FIGS. 3A and 3B show in schematic form a device 30 in which transmitter 31 and receiver 32 are facing in the same direction, the receiver being in the form a ring surrounding the transmitter. The transmitter 31 has a collimating lens part 33 giving a roughly parallel beam 34. The housing 35 is a simple shell with a cylindrical part 36 and a conical part 37 and has rotational symmetry around axis 38. Movable body 39 is reflective in an imaging way and the interior of the housing 35 is made absorbing to the radiation. In FIG. 3A the body position is symmetrical with the beam and the arrangement of active elements and the radiation beam 34 from the transmitter 31 is reflected against the body 39 towards the annular receiver 32 whereas scattered radiation is substantially absorbed by the walls of the housing 35. In the body 39 position of FIG. 3B the beam 34 passes the beam and is substantially scattered and absorbed by the housing surfaces. Although the device is roll independent in design it may indicate tilt directions if the annular receiver 32 is made of several independent reception spots.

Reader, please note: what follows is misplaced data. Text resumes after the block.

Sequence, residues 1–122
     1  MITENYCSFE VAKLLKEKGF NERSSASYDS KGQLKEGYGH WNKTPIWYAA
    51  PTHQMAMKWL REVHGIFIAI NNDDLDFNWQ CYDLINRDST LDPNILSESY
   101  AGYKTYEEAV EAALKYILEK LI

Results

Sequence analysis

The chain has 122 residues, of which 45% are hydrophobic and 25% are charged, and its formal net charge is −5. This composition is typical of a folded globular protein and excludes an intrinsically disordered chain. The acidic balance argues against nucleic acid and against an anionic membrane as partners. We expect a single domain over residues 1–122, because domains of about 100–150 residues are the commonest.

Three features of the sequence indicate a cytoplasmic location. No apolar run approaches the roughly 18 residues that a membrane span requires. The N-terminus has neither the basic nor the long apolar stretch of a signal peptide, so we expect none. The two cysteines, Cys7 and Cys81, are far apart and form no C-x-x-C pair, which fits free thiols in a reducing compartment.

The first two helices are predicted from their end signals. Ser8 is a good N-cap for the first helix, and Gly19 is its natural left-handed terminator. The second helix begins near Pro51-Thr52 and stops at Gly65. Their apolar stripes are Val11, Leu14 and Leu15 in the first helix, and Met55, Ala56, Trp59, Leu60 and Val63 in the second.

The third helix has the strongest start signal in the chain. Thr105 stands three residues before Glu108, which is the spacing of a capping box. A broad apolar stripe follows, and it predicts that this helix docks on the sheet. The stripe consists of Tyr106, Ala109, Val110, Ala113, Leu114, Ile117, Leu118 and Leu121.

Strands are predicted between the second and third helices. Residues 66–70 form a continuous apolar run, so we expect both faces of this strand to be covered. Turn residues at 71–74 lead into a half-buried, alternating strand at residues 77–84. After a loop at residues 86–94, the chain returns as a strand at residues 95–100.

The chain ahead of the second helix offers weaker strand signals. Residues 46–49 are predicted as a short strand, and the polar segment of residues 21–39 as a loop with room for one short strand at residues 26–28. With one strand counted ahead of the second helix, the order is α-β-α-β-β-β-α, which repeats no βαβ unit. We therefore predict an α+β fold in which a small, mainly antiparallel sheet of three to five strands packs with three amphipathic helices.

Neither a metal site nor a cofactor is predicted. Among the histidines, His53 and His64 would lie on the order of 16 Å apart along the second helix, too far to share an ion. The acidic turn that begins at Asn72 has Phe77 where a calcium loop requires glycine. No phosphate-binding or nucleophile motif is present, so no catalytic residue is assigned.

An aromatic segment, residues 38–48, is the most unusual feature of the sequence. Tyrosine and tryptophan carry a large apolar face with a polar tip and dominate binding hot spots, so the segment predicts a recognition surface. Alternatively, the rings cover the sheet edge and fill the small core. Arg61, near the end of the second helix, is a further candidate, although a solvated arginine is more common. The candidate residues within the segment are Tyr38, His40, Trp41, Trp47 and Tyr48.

FIGS. 4A and 4B show in schematic form a device 40 utilizing a transparent and refractive body 41 in a housing 42 having cylindrical part 43, frustoconical part 44 and an inwardly protruding top part 45. The top part 45 has an opening to a shielded receiver 46 and the frustoconical part 44 has an opening to a transmitter with lens 47 giving a substantially parallel outgoing beam. In FIG. 4A the refractive body 41 position is symmetrical with the axis between transmitter and receiver and the body refracts the ingoing beam from lens 47 to a converging outgoing beam 48, roughly focused on receiver 46. In FIG. 4B body 41 has moved by tilt or acceleration of the device 40 to a new rest position close to the cylindrical housing part 43. Although not drawn to exact scale the FIG. illustrates that the relatively small body displacement, only a fraction of its diameter, gives an outgoing beam 48 focused lateral to the receiver 46, virtually nullifying its response. As in previous embodyment the cavity surfaces can be absorbing to defeat scattered radiation.